Paul Krugman is worried enough about Rick Perry that he engages in a bit of preemptive Perry-bashing. Troubling! The last time Krugman messed with Texas the results weren't pretty. So here we go again:
Wrong Way Nation
Gov. Rick Perry of Texas is running for president again. What are his chances? Will he once again become a punch line? I have absolutely no idea. This isn’t a horse-race column.
What I’d like to do, instead, is take advantage of Mr. Perry’s ambitions to talk about one of my favorite subjects: interregional differences in economic and population growth.
Interregional differences is one of his favorite subjects? There is that Nobel Prize thingy, but let's hold that thought.
...[Rick Perry's] national appeal, if any, will have to rest on claims that he knows how to create prosperity. And it’s true that Texas has had faster job growth than the rest of the country. So have other Sunbelt states with conservative governments. The question, however, is why.
The answer from the right is, of course, that it’s all about avoiding regulations that interfere with business and keeping taxes on rich people low, thereby encouraging job creators to do their thing. But it turns out that there are big problems with this story, quite aside from the habit economists pushing this line have of getting their facts wrong.
To see the problems, let’s tell a tale of three cities.
One of these cities is the place those of us who live in its orbit tend to call simply “the city.” And, these days, it’s a place that’s doing pretty well on a number of fronts. But despite the inflow of immigrants and hipsters, enough people are still moving out of greater New York — a metropolitan area that, according to the Census, extends into Pennsylvania on one side and Connecticut on the other — that its overall populationrose less than 5 percent between 2000 and 2012. Over the same period, greater Atlanta’s population grew almost 27 percent, and greater Houston’s grew almost 30 percent. America’s center of gravity is shifting south and west. But why?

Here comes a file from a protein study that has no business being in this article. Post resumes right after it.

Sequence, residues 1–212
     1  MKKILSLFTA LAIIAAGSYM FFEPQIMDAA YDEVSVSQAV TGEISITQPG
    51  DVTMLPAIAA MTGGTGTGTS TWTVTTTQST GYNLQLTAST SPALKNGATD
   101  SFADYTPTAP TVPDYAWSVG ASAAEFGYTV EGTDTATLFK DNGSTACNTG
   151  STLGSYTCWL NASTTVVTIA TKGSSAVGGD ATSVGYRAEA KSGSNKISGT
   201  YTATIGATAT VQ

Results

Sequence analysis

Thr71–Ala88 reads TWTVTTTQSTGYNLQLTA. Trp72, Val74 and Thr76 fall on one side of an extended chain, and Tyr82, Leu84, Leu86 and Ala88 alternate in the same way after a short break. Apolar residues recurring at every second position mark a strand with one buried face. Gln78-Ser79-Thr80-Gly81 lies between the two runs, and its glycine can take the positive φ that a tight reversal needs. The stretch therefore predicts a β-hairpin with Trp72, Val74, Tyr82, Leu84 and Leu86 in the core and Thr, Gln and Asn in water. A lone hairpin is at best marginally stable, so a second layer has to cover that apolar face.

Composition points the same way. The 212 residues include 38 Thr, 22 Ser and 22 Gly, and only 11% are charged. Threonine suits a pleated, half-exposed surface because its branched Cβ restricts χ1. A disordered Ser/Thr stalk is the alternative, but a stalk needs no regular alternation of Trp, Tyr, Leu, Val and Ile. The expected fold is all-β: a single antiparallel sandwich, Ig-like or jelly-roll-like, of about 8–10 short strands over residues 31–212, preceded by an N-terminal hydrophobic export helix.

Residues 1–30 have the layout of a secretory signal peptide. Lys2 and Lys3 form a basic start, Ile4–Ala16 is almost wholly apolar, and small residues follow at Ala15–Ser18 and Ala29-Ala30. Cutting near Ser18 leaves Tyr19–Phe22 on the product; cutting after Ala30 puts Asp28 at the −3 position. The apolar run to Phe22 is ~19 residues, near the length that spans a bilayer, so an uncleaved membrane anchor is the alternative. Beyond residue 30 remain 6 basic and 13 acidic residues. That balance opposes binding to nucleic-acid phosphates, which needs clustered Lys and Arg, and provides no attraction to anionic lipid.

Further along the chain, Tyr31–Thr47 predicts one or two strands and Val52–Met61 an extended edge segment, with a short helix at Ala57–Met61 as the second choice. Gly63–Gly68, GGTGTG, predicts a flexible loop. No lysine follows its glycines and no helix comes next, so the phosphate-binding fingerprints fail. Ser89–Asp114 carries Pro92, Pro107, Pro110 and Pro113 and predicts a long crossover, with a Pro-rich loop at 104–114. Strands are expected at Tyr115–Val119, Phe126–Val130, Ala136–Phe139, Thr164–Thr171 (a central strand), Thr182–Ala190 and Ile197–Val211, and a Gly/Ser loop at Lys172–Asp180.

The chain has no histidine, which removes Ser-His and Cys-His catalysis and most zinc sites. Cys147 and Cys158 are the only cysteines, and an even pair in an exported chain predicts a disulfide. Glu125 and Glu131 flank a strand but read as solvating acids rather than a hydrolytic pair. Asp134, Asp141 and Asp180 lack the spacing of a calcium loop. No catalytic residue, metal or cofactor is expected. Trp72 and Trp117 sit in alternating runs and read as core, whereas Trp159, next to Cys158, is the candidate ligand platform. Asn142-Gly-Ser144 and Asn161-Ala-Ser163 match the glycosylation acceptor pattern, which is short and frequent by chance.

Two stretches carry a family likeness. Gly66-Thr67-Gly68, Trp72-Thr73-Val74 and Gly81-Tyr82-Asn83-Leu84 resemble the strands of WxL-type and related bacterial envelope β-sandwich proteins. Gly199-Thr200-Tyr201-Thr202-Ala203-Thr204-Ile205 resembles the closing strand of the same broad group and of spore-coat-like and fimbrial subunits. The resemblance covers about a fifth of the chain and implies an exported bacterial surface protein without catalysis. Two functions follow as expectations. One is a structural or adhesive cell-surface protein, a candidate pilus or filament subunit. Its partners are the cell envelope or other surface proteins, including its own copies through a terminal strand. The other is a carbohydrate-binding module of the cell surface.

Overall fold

Is it, as people like Mr. Perry assert, because pro-business, pro-wealthy policies like those he favors mean opportunity for everyone? If that were the case, we’d expect all those job opportunities to cause rising wages in the Sunbelt, wages that attract ambitious people away from moribund blue states.
We would expect rising wages as people moved to an area? With high and capital labor mobility why wouldn't we expect the reduced supply in New York to prop up wages there and the increased labor supply in the Southeast to keep a lid on wage hikes there?
Pressing on, with my emphasis:
It turns out, however, that wages in the places within the United States attracting the most migrants are typically lower than in the places those migrants come from, suggesting that the places Americans are leaving actually have higher productivity and more job opportunities than the places they’re going. The average job in greater Houston pays 12 percent less than the average job in greater New York; the average job in greater Atlanta pays 22 percent less.
So now we are talking about "average" wages across all sectors? If (purely hypothetically) New York became a haven for high-priced professionals and all the blue collar jobs disappeared to Texas, I for one would expect average wages in New York to *rise* as the proportion of lower-paying jobs in the greater New York area fell. As to Texas, I would expect total employment to rise; whether average wages rose or fell would depend on the change in the job mix.